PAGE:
A lot has been written about Christmas in Brooklyn; in fact, I myself have gone on and on and ON about that holiday as it is performed– yes, performed!– by Italian families in the borough of Fageddaboutit. (You can find some in this blog’s archives.) But not much is written about Easter, probably because it’s usually so exhausting and reliving it all can be a chore.
I figure, since it comes in Spring, it was particularly excitable because the sap was running high in the trees and the snow was almost all gone. The first bulbs were making an appearance in my grandmother’s garden, sometimes poking through a slightly icy lawn, and you knew that school would be ending in a couple of months. THAT was exciting.
We always got new Easter outfits for the Big Day. My little sisters Lois and Gina were usually dressed in something matching, and they looked like little cupcakes when we took pictures of them holding hands in front of the fire hydrant. All the week before, the sewing machine would have been running, a contraption built into a desk that lived in my bedroom. What’s a young guy in the throes of rampant puberty supposed to do when he wakes up because his mother and grandmother are seated six feet away at their economy-sized sweatshop, adding bric-a-brac to Easter hats? He tries to close his ears against the Italian mutterings and says a few Hail Marys, and then gets out of bed, only to step on several straight pins which have lodged themselves into the green shag carpet.
I was not immune to fashion, though my clothes came off the rack– one year I was sheathed inside a brown wool Nehru jacket that made me look like a miniature version of one of the Smothers Brothers while appearing on the Johnny Carson show.
We colored eggs, though they never quite looked like the examples pictured on the boxes. Dad would get adventurous and mix colors, and by the end of the session we’d end up with a lot of softly-tinted gray eggs. We pre-dated Martha Stewart!
Dressed and off to a packed Mass, I would notice that all the people would be whispering indignantly in the pews: “Look at her! You never see her in here except fror the holidays, the old cow. And she’ll leave right after Communion so’s she can be first in line at the bakery.” “It’s about time she got her hair done, but why bother if she was gonna wear that stupid hat?” “Willya get a load of that perfume? What’s she doing, keeping away horseflies?” It was comforting to know that I was surrounded by such freewheeling Christianity; I would have been suspicious if suddenly everyone had been on their best behavior. And if I was lucky, I’d get to sit behind someone with fox furs dangling in front of me.
We usually had the Big Meal at my grandmother’s upstairs; a lot of people from her side would gather there, which meant the Magnanis from Sunset Park and further out Bay Ridge. These were our quieter, Northern Italian family, diametrically and culturally opposed to my father’s louder and more boisterous Neapolitan family. My second cousin John and I didn’t know about cultural divides, however, and usually ended up fighting like Sicilians on the linoleum floors.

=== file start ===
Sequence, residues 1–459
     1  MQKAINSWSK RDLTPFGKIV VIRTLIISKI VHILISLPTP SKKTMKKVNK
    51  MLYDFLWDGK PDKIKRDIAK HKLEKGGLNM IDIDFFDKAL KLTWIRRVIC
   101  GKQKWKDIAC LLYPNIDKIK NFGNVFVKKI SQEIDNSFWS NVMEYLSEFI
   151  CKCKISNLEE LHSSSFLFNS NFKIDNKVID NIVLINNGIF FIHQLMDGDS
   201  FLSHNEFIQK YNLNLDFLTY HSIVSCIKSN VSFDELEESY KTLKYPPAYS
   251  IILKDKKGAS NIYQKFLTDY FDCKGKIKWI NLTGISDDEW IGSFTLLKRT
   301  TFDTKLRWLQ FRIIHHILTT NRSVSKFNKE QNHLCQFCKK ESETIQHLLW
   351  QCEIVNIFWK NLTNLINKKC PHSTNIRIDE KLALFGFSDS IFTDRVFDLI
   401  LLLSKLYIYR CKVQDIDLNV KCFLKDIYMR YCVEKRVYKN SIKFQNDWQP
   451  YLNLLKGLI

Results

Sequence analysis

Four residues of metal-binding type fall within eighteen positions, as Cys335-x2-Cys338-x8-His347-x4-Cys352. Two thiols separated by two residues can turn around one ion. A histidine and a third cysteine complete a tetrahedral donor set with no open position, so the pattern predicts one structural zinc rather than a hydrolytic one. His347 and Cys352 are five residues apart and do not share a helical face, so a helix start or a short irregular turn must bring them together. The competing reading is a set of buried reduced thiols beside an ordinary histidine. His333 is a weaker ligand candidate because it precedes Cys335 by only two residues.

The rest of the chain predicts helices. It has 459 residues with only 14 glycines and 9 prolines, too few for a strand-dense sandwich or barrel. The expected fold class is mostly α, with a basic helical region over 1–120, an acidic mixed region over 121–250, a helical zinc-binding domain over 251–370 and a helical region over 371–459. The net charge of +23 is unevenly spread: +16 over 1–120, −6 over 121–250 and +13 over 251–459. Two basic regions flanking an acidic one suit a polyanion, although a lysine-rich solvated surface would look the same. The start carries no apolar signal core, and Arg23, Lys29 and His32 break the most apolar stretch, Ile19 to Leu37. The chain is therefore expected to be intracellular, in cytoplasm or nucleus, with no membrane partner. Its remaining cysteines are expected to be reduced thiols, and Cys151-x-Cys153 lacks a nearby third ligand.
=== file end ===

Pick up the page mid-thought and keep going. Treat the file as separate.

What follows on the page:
One year we went to the Magnanis instead; the whole lot of us piled into cars and drove to Sunset Park, which is the neighborhood my mother’s family started out in when they moved to Brooklyn in the 1930’s. [A couple of years ago she and I went to visit my Uncle in the hospital, a few blocks from where Mom lived. I asked if she wanted to see the house again, and she said “not really, but I know you want to.” So we drove to 50th. Street below Third Avenue, and there it was. Mom stared, and was very quiet. I’d never seen her so transported into the past like that. And I knew the instant it was time to drive away.]
The Magnanis lived a block up from the actual Sunset Park, where my friends and I used to bike ride to swim and where I had my first dose of guys my age who were remarkably advanced in terms of growing up bodily; let’s just say that my little pink buddies and I felt terribly inadequate next to these brown Puerto Ricans.
The Magnanis had a rabbit for Easter dinner that year, an animal dear to Italian hearts. I don’t remember that any of us children actually ate any; we were sitting at a table to ourselves, probably having chicken pot pies. I can’t remember. What I do remember is cousin John taking me downstairs to his basement lair and showing me a little white box wrapped in tape and rubber bands. I had to guess what was inside– earrings? Money? Like a young Frankenstein, he dramatically opened it up and revealed two marble-shaped objects: “These are the rabbit’s eyes.” I remember knocking the box out of his hands and then running back upstairs to the safety of the pot pies and my Easter candy. And later that evening I accidentally knocked over my grand-aunt Nella’s lava lamp, all all hell broke loose. Suddenly that Tuscan woman was acting VERY Neapolitan.
I was an allergic child, suffering through years of needles and scratch tests and bearded doctors in faraway offices (Flatbush). One of the things I was allergic to was chocolate, and so I only received WHITE chocolate at Easter– which everybody else coveted. [Yes, Carol– we’ve discussed this before. I don’t get it either; they were only trying to make me happy. But I never wheezed when I ate white chocolate!]
When you think of Easter, you’re supposed to think of the risen Christ, and renewal, and the promise that life goes on regardless of the horrors called to mind on Good Friday. That’s the idea, but when I think of Easter I immediately picture my two little sisters dressed in matching blue coats with patriotic piping sewn around their tiny white hats, waiting patiently to open their baskets to find real, dark chocolate– a treat that they were forbidden to share with their staring, wheezing older brother.